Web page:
Sarah’s little brother drives her crazy, even when she’s doing the driving. “‘I don’t want to go to school! Take me home! Stop playing that song!’ Driving him to school is frustrating,” groans 18-year-old Sarah Odle, a volunteer at United Way Yuma. Even worse, it can be dangerous. “I know,” Odle says, “because I recently cut off another car on a one-lane bridge while trying to explain why we weren’t turning back to get his Yu-Gi-Oh! toys from home.”
Lose your focus at school and your grades suffer. But lose your focus while driving a car and you risk injuring or killing yourself, your passengers, and others. Motor vehicle accidents are the number one cause of death for Americans between the ages of 3 and 33. Teens in particular are at risk; the crash rate for 16- to 19-year-olds is four times the rate for older drivers.
Inexperience is part of the problem. So are the circumstances under which people sometimes choose to drive: when they’re distracted, drowsy, or downright irritable. Here’s how to keep your eyes–and mind–on the road.
Distracted driving is a factor in 25 percent of all reported crashes, according to the National Highway Traffic Safety Administration. Distraction can take many forms, including the friendly kind. Studies show that the presence of one passenger pal in a car with a teenage driver nearly doubles the risk of a fatal crash. With two or more passengers, the risk is fivefold. Because of those dangers, some states prohibit new drivers from having any passengers other than family members in the car. As fun as passengers may be, they can also be dangerous.
Another driver distraction? Talking on a cell phone. And don’t congratulate yourself if you use a headset while driving. “Cell phones impair driving ability not only because they take your hands away from the wheel but also because of the cognitive distraction of being mentally engaged in the conversation,” explains Susan Ferguson, a research expert at the Insurance Institute for Highway Safety.
To stay focused, follow these rules.
* Don’t multitask. Don’t eat, apply makeup, shave, or read while you’re driving.) Have a passenger play DJ with the CDs, or wait till you’ve stopped at a light to set up your musical selection.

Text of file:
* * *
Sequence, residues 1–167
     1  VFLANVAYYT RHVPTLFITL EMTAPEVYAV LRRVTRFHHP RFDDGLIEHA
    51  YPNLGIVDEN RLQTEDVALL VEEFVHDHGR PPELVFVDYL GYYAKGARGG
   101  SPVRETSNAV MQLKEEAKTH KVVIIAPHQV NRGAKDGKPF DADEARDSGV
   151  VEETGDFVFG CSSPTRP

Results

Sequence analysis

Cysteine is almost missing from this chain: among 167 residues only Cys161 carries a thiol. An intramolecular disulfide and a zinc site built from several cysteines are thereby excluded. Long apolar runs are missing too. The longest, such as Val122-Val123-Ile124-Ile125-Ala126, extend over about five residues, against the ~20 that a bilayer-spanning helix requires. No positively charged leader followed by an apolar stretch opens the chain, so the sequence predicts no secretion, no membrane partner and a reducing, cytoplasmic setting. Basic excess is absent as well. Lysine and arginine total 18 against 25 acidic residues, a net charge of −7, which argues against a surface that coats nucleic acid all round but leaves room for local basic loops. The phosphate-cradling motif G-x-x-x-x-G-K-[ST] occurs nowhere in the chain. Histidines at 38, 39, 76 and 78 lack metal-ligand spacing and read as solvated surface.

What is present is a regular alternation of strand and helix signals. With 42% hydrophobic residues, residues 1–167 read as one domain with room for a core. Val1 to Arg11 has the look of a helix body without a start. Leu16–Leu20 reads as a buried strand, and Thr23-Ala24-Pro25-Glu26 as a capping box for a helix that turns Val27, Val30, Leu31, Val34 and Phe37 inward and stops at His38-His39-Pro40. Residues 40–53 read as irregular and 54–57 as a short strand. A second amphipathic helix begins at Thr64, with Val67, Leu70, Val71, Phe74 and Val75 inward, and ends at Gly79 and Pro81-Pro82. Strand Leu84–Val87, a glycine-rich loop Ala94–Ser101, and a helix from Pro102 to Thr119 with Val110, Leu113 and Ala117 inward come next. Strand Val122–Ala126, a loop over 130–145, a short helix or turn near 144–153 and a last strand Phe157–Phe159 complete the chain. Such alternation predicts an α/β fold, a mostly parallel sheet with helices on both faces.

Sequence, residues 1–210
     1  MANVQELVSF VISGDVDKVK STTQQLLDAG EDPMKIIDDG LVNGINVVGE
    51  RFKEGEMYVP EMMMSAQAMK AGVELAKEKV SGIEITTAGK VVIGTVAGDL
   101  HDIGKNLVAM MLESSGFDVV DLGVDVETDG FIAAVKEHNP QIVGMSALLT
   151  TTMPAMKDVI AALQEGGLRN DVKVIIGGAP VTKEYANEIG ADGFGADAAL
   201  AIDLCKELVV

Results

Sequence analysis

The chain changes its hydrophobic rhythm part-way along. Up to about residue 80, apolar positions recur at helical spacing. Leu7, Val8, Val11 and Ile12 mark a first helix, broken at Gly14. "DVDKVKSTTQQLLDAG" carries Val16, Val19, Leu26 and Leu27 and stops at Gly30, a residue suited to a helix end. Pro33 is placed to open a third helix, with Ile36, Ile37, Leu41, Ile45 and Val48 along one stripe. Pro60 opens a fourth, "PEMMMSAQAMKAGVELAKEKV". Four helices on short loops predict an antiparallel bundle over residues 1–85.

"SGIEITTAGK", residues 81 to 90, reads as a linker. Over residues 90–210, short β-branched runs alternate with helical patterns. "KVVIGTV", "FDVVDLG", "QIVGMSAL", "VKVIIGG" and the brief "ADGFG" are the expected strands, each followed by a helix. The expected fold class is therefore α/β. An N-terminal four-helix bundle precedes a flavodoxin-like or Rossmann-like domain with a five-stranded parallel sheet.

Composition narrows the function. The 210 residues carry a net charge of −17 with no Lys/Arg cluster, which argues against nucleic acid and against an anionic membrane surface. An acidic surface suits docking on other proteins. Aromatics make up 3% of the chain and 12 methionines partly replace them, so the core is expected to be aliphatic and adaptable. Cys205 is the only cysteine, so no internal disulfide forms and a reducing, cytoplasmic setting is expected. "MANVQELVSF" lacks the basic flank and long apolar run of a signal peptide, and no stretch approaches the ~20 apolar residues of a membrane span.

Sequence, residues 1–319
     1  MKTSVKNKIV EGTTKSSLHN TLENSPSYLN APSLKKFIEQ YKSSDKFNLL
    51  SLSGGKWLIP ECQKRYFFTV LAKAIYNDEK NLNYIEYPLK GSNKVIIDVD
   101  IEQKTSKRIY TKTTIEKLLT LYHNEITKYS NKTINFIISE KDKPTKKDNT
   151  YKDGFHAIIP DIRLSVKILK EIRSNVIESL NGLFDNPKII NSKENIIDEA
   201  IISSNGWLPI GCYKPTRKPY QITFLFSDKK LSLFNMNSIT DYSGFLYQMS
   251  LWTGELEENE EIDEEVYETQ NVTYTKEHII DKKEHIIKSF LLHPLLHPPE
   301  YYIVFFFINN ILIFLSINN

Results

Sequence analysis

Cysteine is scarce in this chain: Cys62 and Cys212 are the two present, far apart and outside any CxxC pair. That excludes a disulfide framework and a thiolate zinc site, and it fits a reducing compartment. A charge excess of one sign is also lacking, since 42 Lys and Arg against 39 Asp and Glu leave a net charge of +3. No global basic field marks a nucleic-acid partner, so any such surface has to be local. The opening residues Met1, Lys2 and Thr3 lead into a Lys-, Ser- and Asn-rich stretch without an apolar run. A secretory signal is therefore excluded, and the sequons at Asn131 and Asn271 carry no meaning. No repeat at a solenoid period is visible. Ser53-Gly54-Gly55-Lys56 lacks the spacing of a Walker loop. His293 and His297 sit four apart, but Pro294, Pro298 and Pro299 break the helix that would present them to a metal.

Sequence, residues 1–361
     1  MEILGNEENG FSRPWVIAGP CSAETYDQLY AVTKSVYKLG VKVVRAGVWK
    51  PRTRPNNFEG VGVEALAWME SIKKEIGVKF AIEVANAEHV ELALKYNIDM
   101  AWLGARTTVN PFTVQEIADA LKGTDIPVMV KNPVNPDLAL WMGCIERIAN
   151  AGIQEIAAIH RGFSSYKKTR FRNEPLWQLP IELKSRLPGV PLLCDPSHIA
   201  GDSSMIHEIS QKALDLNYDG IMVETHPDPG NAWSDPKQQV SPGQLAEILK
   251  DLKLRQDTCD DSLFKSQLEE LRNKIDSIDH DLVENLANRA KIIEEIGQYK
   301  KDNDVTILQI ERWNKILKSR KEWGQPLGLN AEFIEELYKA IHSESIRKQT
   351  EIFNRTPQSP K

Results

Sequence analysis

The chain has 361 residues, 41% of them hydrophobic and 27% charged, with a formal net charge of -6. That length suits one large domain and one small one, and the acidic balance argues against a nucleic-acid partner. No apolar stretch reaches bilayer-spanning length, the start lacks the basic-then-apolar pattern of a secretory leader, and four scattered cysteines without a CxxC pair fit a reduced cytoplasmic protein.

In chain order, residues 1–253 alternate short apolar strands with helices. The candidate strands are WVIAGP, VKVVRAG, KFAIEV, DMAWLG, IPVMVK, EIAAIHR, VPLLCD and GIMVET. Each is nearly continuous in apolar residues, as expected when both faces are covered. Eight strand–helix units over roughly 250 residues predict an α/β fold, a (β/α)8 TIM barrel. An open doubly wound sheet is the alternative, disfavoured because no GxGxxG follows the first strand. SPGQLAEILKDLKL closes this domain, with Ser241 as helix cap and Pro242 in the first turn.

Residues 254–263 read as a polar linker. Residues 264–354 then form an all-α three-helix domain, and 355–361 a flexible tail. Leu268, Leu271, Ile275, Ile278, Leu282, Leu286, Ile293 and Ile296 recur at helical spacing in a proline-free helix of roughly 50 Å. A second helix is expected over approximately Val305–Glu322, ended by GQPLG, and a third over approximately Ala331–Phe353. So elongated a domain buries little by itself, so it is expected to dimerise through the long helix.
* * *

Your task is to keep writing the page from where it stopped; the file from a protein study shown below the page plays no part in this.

* Pull over if you need to take or place a phone call. In an emergency, use your best judgment to decide whether it’s necessary to make a call en route.
Take a Chill Pill!
Sometimes distractions are literally all in your head–for example, when you get in the car after a fight at home. Being stressed can lead to aggressive driving behaviors, such as tailgating and cutting off other cars. No matter what else is going on, don’t let your emotions get to you behind the wheel.
“People wouldn’t dream of pushing to the front of the line at the supermarket because they were rushed or in a bad mood,” says
Fairley Washington, a spokesperson for the AAA Foundation for Traffic Safety in Washington, D.C. “But they’ll do it in their car because they have a degree of anonymity there. They lose concern for their fellow drivers.”
You may not be able to change your emotions, but you can control how you react to them.
* Leave earlier. For every 15 minutes you expect a trip to take, allow an extra five minutes to reach your destination.
* Calm down. When you know you’re in a foul mood, listen to a soothing CD or practice a relaxation technique like deep breathing.
Wide Awake at the Wheel
Lack of sleep is another big factor in car crashes. “One winter morning about two months after I got my license, I was driving to school … exhausted,” recalls Jessica Billings, 18, of Bloomington, Minn. “I stopped at a light, and when it turned green I started to accelerate. But I didn’t notice that two cars ahead of me, someone had put on the brakes to make a turn, and I rear-ended the man in front of me.”
Drowsy driving is responsible for approximately 100,000 crashes a year in the United States, reports the National Sleep Foundation (NSF). Driver fatigue can compromise reaction time, judgment, and even vision. Young people are among those at highest risk. “Next to infants, teens require the most sleep of any age group, yet often [they] don’t get nearly enough,” says Colleen Cancio, government affairs manager at NSF.
As Jessica found out, drowsy driving isn’t just an after-dark problem. Based on humans’ sleep-wake cycle (also called circadian rhythm), people are most likely to nod off at 2 a.m. and again at 2 p.m.–a time of the day when many teen drivers are pulling out of the school parking lot after the last bell. To prevent accidents, be sure to get eight or nine hours of sleep.
When you’re driving, also pay attention to the following warning signs:
* frequent blinking or heavy eyelids
* trouble remembering the last few miles you’ve driven
* drifting out of your lane, tailgating, or hitting a rumble strip
* difficulty keeping your head up
Unfortunately, common stay-awake strategies such as opening the windows, snacking, or blasting the radio haven’t been scientifically shown to work. If you experience any of the red flags listed previously, pull off the road at the nearest safe place and call a parent or friend to come pick you up.